Appledore Medical Group - January 04, 2018

An Escherichia coli (E. coli) infection is caused by bacteria found in the environment, foods, and intestines of people and animals. E. coli are a large and diverse group of bacteria and, while most strains of E. coli are harmless, others can make you sick. The U.S. Centers for Disease Control and Prevention (CDC) reports that, “Some kinds of E. coli bacteria cause an infectious disease when they make a toxin called Shiga toxin. The bacteria that make these toxins are called “Shiga toxin-producing E. coli,” or STEC for short.” Most humans are made ill when they come in contact with STEC bacteria in contaminated food or water.

STEC bacteria live in the digestive tract of ruminant animals (a type of animal that brings up food from its stomach and chews it again), including cattle, goats, sheep, deer, and elk. The major source for human E. coli illness comes from cattle. STEC that cause human illness generally do not make animals sick. Other kinds of animals, including pigs and birds, sometimes pick up STEC from the environment and may spread it.

E. coli infections are the leading cause of bloody diarrhea, while other strains cause urinary tract infections, respiratory illness, pneumonia, and other illnesses.

What causes an E. coli infection?

This infection is caused by some strains of the E. coli bacteria. Most E. coli infections are caused by:

  • Eating undercooked beef, especially ground beef
  • Drinking contaminated water
  • Drinking unpasteurized milk
  • Working with cattle

Reports of E. coli related illness tend to increase in the summer months. This is likely due to warmer weather, eating outdoors and food not being kept at appropriately cold temperatures, which allows for bacterial growth.

Digestive Pathway Through Stomach and Intestines

an illustration of the digestive pathway through the stomach and intestines

Copyright© Nucleus Medical Media, Inc.

Risk Factors

A risk factor is something that increases your chance of developing a disease or condition. Risk factors for contracting E. coli include:

  • Being a child or older adult
  • Having another illness
  • Working with cattle
  • Living in northern U.S. states


Most people with an E. coli infection start feeling sick 3 to 4 days after eating or drinking something that contains the bacteria. Symptoms can begin from 1 to 10 days after exposure, though. Symptoms of E. coli infection may be different for each person, but often include:

  • Abdominal cramps
  • Watery diarrhea
  • Dehydration
  • Fatigue
  • Bright red, bloody stools
  • Mild fever (less than 101˚F)
  • Nausea or vomiting

Most people start to feel better within 5 to 7 days. Most infections are very mild, but others are severe and may even be life-threatening. Always contact your healthcare provider if you have diarrhea that lasts for more than 3 days or is accompanied by high fever, blood in the stool, or so much vomiting that you cannot keep liquids down and you pass very little urine.

Diagnosis and Treatment Options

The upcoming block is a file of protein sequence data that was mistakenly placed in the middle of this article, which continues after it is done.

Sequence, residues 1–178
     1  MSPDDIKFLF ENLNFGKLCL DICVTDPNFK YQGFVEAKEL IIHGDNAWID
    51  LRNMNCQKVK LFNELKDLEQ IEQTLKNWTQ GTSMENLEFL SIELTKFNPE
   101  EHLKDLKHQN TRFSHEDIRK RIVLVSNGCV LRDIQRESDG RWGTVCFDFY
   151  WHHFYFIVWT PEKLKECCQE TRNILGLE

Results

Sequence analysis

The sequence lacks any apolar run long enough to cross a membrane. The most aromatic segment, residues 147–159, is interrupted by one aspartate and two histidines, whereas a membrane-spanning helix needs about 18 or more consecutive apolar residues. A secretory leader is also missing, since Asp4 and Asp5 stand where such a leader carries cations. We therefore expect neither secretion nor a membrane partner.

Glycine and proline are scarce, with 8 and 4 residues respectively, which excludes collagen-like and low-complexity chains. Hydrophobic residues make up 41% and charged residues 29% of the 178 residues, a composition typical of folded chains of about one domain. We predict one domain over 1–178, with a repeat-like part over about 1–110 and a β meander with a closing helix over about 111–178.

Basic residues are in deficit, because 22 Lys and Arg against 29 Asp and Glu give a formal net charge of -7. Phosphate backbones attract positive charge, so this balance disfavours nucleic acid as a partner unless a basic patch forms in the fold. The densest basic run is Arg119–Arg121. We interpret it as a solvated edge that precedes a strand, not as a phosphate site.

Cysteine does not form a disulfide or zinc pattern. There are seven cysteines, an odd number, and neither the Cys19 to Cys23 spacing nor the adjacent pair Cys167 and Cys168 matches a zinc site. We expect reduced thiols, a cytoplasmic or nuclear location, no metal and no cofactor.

You will be asked about your symptoms and medical history, and a physical examination will be done. A stool sample may be collected to test with a stool culture.

Once diagnosed with E. coli, treatment options include:

Fluid Replacement and Monitoring

Most people will get better in 5-10 days. They rarely need a specific treatment. Avoid medication that stops diarrhea. Drink plenty of water and fluids. Fluids through an IV line may be needed in cases of severe dehydration.

Treatment for Hemolytic Uremic Syndrome (HUS)

HUS is a life-threatening condition. It occurs in some people with an E. coli infection. HUS may need to be treated with blood transfusions and kidney dialysis. Symptoms may include:

  • Pale complexion, tiredness, and irritability
  • Small, unexplained bruises, or bleeding from the nose or mouth—caused by problems in the body’s clotting mechanism

Kidney Dialysis

the dialysis process: patient's artery to pressure monitor to pump to anti-coagulent to pressure monitor to dialyzer to pressure monitor to air trap and detector back to the patient's vein

Copyright© Nucleus Medical Media, Inc.

The CDC recommends that antibiotics not be used to treat E. coli infections. There is no evidence that antibiotics are helpful, and they may actually increase the risk of HUS. Over-the-counter antidiarrheal medications also may increase that risk.


Researchers are exploring ways to vaccinate animals and humans to prevent E. coli infections. Until that time, methods to help prevent E. coli infection include:

  • Follow the 4 rules of food safety:
    1. Clean
    2. Separate
    3. Cook
    4. Chill
  • Cook all ground beef and hamburger thoroughly (at least 145°F).
  • Avoid eating undercooked hamburger or other ground beef.
  • Keep raw meats separate from ready-to-eat foods.
  • Wash hands, counters, and utensils with hot soapy water after they are exposed to raw meat.
  • Drink only pasteurized milk, juice, and cider.
  • Wash fruits and vegetables under running water.
  • Drink municipal water that has been treated with a disinfectant.
  • Wash hands after bowel movements and after changing soiled diapers.
  • Do not swallow water when swimming and when playing in lakes, ponds, streams, swimming pools, and backyard “kiddie” pools.

Source: U.S. Centers for Disease Control and Prevention:

Schedule an appointment with Christina Stark, NP at Beacon Internal Medicine.